One Piece At A Time
Mechanical devices are easier to understand when they're reduced to their components. Hell, even the space shuttle starts as a single bolt, so let's begin by taking a look at a typical four-stroke engine's major components

Crankcase
The crankcase houses the crankshaft and, in a traditional pushrod engine, the camshaft. It also accommodates secondary mechanisms like the oil pump (and water pump if needed), the alternator rotor and stator and sometimes the ignition system. In most instances, the clutch, primary drive and transmission also reside in the crankcase, with the major exceptions being Harley-Davidson FLs, BMWs and Moto Guzzis, all of which have their transmissions bolted to the engine, automotive style.

Crankshaft
The purpose of the crankshaft is to change the reciprocating motion of the piston into rotary motion and to feed energy into the clutch and transmission. Think of a bicycle pedal crank and you'll have a pretty good idea of how one works.

There are two types of crankshafts, the assembly, or "built up," type, which is made up of right- and left-hand crankshaft halves assembled onto a crank journal or pin, and the unit, or one-piece, crankshaft, which is forged or machined out of a single chunk of iron or steel. As a rule, built-up cranks use roller bearings and one-piece rods, while unit cranks use plain bearings and two-piece, or "split," rods. Harley-Davidson FL and XL motors use built cranks (as they have since their inception), while more, uh, current designs tend to go with unit cranks.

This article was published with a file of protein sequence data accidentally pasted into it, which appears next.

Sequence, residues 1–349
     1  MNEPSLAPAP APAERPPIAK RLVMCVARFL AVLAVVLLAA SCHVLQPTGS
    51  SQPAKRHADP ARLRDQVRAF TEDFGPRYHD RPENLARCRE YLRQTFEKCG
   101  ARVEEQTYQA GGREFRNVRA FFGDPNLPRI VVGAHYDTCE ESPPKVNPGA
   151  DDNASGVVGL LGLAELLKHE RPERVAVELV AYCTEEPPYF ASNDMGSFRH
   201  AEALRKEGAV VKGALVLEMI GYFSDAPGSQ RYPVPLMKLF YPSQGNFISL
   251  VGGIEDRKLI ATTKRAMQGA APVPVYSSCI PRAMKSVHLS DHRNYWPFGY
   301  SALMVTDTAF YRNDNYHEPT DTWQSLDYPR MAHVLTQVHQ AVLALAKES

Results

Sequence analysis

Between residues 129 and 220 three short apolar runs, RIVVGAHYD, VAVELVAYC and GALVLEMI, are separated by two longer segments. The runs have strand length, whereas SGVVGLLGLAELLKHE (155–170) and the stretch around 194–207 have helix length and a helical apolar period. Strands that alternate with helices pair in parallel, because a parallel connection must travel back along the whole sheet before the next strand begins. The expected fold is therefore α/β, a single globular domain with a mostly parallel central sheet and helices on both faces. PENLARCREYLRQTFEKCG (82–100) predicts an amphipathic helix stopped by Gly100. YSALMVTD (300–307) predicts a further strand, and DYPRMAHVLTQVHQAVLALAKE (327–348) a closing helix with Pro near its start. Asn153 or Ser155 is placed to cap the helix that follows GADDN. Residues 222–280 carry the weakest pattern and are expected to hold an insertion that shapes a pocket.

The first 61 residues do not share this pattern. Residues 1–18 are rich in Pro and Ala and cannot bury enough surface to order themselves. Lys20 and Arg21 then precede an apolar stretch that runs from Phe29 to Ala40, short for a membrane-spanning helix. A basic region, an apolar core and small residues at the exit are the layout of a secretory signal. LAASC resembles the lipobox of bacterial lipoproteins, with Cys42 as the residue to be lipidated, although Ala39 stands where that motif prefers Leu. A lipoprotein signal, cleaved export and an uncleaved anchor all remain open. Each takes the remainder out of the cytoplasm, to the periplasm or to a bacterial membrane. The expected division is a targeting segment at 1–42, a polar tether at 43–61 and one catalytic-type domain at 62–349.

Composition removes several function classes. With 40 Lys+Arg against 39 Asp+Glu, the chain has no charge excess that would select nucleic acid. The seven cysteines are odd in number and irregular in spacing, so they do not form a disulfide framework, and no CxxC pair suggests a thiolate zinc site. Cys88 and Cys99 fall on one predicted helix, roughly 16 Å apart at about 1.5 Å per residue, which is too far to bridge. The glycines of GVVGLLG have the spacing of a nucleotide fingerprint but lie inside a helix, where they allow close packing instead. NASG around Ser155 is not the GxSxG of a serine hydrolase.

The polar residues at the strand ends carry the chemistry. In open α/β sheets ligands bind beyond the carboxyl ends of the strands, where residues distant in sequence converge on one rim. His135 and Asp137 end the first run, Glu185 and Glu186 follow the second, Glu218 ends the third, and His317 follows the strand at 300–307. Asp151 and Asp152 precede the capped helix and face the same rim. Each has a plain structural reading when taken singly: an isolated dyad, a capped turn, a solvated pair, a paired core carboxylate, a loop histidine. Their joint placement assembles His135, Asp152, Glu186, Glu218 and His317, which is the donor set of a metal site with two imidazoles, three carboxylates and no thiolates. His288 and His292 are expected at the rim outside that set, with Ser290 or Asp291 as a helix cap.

Because you've got a lot of parts thrashing around at high speeds, the crank assembly needs to be accurately balanced-if it isn't, it'll shake itself and the rest of the motorcycle, including the rider, to pieces in short order. Modern engines incorporate a balance shaft to counteract the crankshaft forces and reduce vibration.

Connecting Rod
The connecting rod connects the piston to the crankshaft. Because the rod swivels in relation to the piston and the crankshaft, it's fitted with a bearing at either end. The small-diameter end of the rod connects to the piston and normally has a plain bushing, while the larger-diameter end is mounted to the crankshaft and utilizes either a roller bearing (H-D X and F motors) or a plain-insert-type bearing (everyone else)

Rod materials include aluminum, steel billet and, in some high-performance applications, titanium. In most cases, the rods are either forged or machined from stock, although the latest technology uses a procedure called "powder metallurgy, " which is a sintering process that uses high pressures and temperatures to create extremely strong, light and expensive rods out of metal powder.

Roller bearing rods are built in one piece and installed during the crankshaft assembly process, while split rods have removable end-caps that allow them to be installed over the crankshaft. When sintered rods are used, the end-cap is separated from the rod body by fracturing, which results in an uneven mating surface. When the rod is installed, the slightly jagged ends ensure a perfect cap-to-rod alignment, compared to the minor misalignments that can occur if the mating surfaces are both flat. As I recall, the late BMW CL models used fractured rods, but I can't think of any cruisers currently using them.